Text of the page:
Previously, doctors only had to report cases of gun crime
Doctors in the UK should tell police every time they treat a victim of gun and knife crime, new guidelines from the General Medical Council will state.
They are also told they can breach patient confidentiality by giving police information if they believe a crime has or will be committed.
If a patient is diagnosed with a genetic disease doctors will be able to tell relatives, without consent.
The revised guidance on confidentiality will be published on Monday.
It is the first time doctors have been explicitly told they should report all knife crime as previously they only had to report patients with gunshot wounds.
It is hoped this will help police get better statistics on where and when violent crime is taking place.
'Not entirely innocent'
Doctors will also be asked to decide whether they should breach confidentiality and pass on the patient's details to the police if they suspect a crime has or will be committed.
Jane O'Brien, head of standards and ethics at the GMC, who drew up the guidance said: "This is mostly going to be used in A&E, for example, where the injury could be the result of gang culture, with gunshot wounds or knife injuries and the victim may also not be entirely innocent.
"In which respect they might not want the police to be involved and might be thinking about revenge attacks. Normally you would expect the doctors to go along what the patient wanted in these circumstances."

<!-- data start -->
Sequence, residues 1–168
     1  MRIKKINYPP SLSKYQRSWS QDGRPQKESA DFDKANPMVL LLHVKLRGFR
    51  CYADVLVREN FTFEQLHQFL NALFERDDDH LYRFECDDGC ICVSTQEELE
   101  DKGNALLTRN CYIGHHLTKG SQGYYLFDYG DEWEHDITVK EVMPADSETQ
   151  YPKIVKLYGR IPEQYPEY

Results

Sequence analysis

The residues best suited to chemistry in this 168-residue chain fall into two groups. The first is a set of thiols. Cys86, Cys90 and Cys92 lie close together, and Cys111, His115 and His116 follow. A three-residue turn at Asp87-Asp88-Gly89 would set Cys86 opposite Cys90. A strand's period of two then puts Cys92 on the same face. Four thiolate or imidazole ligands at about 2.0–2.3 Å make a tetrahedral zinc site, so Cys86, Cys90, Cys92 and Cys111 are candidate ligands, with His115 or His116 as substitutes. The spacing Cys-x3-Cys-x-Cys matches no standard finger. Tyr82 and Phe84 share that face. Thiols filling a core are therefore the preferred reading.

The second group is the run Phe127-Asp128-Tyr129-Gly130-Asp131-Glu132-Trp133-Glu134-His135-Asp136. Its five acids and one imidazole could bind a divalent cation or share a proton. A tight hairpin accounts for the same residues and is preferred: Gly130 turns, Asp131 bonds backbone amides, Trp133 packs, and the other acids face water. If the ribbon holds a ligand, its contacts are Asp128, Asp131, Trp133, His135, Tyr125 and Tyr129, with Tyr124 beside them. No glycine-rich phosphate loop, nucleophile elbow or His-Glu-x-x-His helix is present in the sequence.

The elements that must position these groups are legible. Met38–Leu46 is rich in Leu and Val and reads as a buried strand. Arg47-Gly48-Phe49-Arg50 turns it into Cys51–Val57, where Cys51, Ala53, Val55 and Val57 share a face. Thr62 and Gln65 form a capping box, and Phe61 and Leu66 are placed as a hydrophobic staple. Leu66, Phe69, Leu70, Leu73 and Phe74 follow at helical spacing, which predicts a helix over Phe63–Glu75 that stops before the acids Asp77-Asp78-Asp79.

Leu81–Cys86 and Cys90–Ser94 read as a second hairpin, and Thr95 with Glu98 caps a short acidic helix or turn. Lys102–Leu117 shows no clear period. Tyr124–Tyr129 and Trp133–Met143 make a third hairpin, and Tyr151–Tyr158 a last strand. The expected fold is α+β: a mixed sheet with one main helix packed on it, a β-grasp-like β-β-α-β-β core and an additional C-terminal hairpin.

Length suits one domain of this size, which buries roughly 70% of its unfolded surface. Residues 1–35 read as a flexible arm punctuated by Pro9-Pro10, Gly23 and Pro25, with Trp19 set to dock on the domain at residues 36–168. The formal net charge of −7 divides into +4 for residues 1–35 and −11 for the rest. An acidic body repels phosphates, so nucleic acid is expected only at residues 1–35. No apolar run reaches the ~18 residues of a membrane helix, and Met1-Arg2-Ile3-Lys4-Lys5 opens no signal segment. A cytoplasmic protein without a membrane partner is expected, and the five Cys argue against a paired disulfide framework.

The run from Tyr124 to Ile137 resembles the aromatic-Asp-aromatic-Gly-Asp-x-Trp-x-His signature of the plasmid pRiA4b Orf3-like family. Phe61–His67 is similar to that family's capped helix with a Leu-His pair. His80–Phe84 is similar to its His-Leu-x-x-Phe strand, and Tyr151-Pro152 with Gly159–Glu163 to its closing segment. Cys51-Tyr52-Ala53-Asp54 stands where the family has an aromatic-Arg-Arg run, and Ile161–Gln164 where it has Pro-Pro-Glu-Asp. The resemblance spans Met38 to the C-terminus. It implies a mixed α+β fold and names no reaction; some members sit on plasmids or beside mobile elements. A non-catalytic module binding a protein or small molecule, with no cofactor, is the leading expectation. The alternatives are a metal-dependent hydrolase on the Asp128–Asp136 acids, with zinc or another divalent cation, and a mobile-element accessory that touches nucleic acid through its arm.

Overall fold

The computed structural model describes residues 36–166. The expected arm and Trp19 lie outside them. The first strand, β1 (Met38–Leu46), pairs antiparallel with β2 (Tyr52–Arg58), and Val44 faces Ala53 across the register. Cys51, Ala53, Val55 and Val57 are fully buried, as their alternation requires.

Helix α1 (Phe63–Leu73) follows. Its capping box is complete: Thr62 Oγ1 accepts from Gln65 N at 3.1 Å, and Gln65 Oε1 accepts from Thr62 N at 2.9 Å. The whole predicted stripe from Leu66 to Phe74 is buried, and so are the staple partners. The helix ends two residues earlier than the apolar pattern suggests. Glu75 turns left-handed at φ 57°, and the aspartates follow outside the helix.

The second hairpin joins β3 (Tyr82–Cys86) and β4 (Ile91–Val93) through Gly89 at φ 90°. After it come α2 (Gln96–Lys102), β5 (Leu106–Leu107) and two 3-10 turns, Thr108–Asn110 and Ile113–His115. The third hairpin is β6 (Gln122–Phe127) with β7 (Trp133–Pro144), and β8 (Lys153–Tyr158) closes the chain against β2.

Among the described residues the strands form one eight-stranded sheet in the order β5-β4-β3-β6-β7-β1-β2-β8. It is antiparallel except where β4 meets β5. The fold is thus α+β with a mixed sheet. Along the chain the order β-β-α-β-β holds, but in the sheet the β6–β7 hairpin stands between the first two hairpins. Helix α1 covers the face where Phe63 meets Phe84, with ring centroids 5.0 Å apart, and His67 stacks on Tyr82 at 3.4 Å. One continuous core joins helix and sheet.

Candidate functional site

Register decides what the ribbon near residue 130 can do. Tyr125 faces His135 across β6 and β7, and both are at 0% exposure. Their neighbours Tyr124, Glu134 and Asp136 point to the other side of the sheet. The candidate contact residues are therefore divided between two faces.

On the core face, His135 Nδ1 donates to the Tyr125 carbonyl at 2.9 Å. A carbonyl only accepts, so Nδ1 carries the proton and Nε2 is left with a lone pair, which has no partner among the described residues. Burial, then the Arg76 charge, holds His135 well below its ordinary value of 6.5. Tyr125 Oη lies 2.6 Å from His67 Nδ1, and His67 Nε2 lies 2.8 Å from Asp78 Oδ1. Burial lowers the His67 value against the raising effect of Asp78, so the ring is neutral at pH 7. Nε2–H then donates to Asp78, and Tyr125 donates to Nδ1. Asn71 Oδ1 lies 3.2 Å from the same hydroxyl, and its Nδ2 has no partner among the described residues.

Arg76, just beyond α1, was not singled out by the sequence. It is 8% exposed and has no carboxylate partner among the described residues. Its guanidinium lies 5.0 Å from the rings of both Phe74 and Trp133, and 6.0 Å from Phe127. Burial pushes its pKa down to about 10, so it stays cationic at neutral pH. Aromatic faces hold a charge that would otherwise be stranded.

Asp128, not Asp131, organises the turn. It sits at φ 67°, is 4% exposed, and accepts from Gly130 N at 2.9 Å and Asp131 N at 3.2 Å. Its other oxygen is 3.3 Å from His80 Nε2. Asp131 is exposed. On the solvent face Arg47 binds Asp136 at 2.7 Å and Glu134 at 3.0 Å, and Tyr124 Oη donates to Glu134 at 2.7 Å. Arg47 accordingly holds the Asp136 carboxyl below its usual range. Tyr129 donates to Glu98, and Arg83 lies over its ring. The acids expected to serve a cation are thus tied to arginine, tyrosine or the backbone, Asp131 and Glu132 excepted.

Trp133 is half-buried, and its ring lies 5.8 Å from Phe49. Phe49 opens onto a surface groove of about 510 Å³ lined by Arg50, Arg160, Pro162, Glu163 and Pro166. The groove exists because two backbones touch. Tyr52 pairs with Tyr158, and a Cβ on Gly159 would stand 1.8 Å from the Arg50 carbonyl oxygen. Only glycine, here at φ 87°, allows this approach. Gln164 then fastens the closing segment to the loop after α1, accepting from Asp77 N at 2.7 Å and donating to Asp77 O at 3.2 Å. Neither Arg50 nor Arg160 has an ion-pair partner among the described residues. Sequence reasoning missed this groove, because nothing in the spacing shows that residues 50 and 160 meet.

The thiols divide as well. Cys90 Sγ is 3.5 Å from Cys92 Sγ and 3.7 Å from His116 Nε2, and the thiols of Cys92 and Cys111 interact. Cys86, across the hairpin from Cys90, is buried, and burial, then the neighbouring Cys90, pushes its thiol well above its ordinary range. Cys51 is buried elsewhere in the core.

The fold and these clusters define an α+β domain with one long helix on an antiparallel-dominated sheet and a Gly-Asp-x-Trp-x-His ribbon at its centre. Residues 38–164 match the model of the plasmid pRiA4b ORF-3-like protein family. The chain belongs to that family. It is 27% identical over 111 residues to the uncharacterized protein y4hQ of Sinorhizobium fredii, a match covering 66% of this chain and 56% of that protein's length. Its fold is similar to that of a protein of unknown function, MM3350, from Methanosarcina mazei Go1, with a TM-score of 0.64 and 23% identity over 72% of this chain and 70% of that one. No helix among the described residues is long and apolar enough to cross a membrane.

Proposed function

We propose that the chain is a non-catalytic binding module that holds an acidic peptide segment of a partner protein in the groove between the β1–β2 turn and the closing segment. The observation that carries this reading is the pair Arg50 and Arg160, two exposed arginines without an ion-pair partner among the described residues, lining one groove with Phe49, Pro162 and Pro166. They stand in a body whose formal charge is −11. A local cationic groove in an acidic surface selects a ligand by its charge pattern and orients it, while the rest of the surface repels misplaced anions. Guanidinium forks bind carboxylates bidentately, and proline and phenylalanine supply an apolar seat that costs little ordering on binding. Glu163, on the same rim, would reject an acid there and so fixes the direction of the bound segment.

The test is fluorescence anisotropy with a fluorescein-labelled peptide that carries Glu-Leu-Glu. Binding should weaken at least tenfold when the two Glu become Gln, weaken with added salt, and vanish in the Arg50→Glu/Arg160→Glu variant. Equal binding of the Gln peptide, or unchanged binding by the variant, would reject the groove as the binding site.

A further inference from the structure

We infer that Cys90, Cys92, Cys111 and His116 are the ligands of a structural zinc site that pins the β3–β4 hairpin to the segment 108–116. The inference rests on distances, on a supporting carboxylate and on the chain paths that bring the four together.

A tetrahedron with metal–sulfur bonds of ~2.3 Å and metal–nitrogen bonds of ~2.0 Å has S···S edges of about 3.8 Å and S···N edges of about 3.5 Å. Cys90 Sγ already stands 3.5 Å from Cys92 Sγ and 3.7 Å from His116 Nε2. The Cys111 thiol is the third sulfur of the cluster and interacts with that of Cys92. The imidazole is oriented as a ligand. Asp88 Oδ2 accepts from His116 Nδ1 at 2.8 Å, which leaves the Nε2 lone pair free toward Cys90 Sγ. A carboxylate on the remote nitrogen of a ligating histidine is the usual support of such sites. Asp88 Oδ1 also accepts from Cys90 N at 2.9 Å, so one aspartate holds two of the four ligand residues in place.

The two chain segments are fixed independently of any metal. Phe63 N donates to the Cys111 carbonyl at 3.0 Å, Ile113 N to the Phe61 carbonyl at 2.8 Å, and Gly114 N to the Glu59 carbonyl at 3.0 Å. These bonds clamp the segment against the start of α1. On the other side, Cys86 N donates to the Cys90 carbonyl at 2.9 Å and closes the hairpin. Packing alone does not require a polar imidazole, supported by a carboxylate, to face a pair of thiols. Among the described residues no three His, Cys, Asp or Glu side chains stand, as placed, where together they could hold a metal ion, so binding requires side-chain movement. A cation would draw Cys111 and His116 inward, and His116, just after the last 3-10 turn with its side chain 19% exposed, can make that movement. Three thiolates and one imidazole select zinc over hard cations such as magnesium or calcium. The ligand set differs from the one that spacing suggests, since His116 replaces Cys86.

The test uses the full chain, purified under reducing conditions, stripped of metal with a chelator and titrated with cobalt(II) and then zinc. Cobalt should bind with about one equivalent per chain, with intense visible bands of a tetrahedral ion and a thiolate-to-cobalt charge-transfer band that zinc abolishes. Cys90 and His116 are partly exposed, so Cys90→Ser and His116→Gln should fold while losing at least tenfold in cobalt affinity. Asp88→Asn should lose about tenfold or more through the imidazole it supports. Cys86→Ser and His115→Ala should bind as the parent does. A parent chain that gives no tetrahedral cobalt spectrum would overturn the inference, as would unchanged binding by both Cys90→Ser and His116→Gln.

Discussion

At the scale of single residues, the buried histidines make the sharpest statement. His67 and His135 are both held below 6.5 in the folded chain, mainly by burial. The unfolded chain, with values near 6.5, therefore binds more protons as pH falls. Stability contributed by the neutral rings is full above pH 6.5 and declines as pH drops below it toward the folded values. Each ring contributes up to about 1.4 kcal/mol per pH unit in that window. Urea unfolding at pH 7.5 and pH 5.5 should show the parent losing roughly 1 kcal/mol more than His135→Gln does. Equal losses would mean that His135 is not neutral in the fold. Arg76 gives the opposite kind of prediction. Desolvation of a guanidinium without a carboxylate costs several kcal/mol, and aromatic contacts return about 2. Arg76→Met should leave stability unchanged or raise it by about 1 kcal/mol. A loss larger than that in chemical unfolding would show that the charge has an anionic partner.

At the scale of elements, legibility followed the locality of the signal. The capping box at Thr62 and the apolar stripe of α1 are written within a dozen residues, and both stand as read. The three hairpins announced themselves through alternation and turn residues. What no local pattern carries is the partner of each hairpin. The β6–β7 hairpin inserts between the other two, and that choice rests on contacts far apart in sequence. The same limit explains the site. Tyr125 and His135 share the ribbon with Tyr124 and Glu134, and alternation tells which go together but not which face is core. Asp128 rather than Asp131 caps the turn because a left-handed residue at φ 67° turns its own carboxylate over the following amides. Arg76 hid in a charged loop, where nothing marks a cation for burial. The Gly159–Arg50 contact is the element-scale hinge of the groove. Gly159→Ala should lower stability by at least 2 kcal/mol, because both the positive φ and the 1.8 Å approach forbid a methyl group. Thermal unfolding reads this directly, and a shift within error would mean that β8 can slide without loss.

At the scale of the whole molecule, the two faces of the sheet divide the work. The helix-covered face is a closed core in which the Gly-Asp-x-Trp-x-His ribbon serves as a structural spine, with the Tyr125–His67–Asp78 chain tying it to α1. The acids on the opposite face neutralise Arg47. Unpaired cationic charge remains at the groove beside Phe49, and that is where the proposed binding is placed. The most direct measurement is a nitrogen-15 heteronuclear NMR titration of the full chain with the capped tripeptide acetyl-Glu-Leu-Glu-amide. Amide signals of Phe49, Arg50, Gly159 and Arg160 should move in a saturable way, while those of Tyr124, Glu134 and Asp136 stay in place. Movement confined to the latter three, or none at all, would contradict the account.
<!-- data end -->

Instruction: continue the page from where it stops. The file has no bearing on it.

But she said doctors should still decide on a case-by-case basis.
Tunji Lasoye, lead consultant, emergency department at Kings College Hospital, said it was important for doctors to play a part in protecting the public.
"The guidance will help doctors to recognise how to report injuries resulting from violence while making the care of their patient their first concern."
The guidelines also say when a patient is diagnosed with a genetic disease, including some forms of cancer, doctors will be obliged to inform relatives about potential risks to their health.
The GMC said in cases where the information would benefit others the duty to protect them should outweigh the individual's right to privacy.
It will allow them to explain risks to health in situations involving family breakdown or children who have been adopted.
Dr Henrietta Campbell, who chaired the GMC's working group on confidentiality, said: "This guidance makes clear that , in the first instance, doctors should explain to a patient if their family might be at risk of inheriting a condition.
"In those circumstances, most will readily share information about their health. However if a person refuses, it is the responsibility of the doctor to protect those who may be at risk."
The British Medical Association said it broadly supported the new guidance on confidentiality.
Chairman of its medical ethics committee, Dr Tony Calland, said: "Ultimately confidentiality is the cornerstone of the doctor-patient relationship and it should only be breached in the rare circumstances where it is clearly in the public interest to do so."
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